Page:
The Math Gender Gap: Nurture Trumps Nature!!
(via TIME) - Rural India might not seem a likely place to study the roots of gender differences in math performance. But a new study of two tribes living in the northeast of the country offers intriguing evidence that biology alone does not determine women’s math aptitude (or lack thereof, as former Harvard President Lawrence Summers once infamously suggested) and that culture has a lot to do with the differences between the genders.
Read more: HERE
From the moment of birth to the moment of tenure, throughout this great developmental progression, there are unintentional but pervasive and important differences in the ways that males and females are perceived and evaluated.
What’s more, cognitive development is robust: boys and girls show equal capacities and achievements in educational settings, including in science and mathematics, despite the very different ways in which boys and girls are perceived and evaluated. I think it’s really great news that males and females develop along common paths and gain common sets of abilities. The equal performance of males and females, despite their unequal treatment, strongly suggests that mathematical and scientific reasoning has a biological foundation, and this foundation is shared by males and females.
The question is, Why are there fewer women mathematicians and scientists?
The patterns of bias that I described provide four interconnected answers to that question. First, and most obviously, biased perceptions produce discrimination: When a group of equally qualified men and women are evaluated for jobs, more of the men will get those jobs if they are perceived to be more qualified. Second, if people are rational, more men than women will put themselves forward into the academic competition, because men will see that they’ve got a better chance for success. Academic jobs will be more attractive to men because they face better odds, will get more resources, and so forth.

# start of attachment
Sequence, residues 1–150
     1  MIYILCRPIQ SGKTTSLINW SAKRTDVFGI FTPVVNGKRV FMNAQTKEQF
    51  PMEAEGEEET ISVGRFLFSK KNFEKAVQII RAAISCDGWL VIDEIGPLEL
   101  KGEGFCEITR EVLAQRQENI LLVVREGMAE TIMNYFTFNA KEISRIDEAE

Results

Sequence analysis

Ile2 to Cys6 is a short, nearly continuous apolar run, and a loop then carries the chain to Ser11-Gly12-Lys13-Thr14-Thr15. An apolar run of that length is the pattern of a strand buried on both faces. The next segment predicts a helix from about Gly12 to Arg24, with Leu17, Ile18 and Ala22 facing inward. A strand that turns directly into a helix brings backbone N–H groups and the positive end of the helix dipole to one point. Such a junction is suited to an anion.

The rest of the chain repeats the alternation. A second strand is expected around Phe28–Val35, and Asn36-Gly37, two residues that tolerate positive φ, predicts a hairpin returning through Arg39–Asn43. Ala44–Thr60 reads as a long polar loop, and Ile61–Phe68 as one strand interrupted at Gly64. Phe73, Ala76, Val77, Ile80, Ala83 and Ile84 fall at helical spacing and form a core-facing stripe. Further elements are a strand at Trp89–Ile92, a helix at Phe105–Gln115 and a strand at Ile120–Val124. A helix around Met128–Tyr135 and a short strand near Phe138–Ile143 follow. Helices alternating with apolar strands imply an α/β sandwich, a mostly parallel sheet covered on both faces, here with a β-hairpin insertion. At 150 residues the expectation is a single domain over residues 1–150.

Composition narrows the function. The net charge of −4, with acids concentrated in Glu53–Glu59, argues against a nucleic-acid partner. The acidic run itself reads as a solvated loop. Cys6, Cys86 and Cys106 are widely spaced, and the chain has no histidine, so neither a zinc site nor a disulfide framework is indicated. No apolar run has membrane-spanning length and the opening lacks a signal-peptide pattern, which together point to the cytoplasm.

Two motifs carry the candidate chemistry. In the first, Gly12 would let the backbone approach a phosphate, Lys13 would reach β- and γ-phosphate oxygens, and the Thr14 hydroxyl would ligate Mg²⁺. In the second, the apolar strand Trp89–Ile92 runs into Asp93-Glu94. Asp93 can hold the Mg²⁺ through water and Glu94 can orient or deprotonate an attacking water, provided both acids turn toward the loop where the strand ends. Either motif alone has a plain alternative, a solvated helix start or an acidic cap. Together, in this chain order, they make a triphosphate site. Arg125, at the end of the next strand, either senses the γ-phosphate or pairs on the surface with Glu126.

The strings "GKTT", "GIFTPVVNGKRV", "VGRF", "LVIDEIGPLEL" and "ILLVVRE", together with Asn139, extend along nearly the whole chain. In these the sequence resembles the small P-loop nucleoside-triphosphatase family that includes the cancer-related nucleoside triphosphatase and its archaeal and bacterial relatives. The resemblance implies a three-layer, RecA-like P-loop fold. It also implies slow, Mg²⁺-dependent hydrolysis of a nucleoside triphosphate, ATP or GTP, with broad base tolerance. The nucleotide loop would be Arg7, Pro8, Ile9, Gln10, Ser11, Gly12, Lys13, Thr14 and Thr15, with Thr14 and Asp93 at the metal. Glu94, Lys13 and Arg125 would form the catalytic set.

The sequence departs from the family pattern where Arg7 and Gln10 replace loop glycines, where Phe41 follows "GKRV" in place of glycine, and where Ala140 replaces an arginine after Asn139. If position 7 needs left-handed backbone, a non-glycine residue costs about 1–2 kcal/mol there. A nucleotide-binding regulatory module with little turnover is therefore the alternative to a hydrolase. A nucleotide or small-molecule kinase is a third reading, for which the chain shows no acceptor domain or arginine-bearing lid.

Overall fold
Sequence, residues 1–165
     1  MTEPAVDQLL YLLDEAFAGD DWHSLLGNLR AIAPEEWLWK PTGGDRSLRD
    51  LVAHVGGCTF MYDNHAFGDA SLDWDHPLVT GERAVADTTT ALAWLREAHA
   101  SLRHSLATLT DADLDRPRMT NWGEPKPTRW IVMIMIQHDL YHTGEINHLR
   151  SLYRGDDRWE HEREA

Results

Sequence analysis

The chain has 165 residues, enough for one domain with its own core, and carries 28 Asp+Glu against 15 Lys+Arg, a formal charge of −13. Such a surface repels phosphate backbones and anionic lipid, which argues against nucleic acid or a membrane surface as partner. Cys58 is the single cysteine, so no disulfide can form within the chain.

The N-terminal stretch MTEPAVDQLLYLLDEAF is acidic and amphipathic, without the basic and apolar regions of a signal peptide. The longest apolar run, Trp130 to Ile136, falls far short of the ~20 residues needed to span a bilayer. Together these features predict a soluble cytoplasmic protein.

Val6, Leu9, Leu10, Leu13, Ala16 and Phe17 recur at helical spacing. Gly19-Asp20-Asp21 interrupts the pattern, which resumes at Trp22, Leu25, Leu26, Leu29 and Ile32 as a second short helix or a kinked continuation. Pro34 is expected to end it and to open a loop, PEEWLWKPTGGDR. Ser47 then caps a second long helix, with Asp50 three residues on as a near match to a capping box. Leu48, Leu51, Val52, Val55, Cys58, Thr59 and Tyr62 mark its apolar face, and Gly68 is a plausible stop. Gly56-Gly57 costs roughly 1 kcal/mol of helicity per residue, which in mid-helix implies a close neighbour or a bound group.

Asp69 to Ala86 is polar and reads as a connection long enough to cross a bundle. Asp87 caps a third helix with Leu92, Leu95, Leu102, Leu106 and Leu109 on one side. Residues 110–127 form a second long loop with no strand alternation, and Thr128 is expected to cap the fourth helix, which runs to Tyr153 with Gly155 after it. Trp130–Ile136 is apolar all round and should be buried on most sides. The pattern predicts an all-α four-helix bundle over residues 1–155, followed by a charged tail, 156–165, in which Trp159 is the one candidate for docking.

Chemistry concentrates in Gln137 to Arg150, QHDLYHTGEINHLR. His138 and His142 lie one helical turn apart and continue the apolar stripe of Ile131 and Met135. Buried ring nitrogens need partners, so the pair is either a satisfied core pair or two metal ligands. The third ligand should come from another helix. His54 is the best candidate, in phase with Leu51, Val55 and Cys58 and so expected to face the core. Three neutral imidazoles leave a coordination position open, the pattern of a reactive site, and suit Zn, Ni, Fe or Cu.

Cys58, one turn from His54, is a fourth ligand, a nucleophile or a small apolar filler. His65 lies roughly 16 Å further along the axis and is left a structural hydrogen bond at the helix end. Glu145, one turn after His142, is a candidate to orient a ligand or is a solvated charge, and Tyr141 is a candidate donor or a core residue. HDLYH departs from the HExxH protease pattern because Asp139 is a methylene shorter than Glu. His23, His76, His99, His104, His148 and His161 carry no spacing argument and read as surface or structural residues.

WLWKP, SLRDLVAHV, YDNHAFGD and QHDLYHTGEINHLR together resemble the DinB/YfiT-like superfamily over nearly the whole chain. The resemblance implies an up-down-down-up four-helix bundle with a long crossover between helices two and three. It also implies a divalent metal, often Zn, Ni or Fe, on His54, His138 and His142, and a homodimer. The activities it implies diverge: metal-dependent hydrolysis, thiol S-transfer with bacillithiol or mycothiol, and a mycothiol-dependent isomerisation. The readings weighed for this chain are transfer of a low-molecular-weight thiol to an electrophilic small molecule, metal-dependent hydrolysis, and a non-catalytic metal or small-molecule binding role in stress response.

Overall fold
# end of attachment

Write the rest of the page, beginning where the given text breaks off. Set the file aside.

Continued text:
Third, biased perceptions earlier in life may well deter some female students from even attempting a career in science or mathematics. If your parents feel that you don’t have as much natural talent as someone else whose objective abilities are no better than yours, that may discourage you, as Eccles’s work shows. Finally, there’s likely to be a snowball effect. All of us have an easier time imagining ourselves in careers where there are other people like us. If the first three effects perpetuate a situation where there are few female scientists and mathematicians, young girls will be less likely to see math and science as a possible life.Liz Spelke in her 2005 debate with Steven Pinker in response to “public comments by Lawrence Summers, president of Harvard, on sex differences between men and women and how they may relate to the careers of women in science.”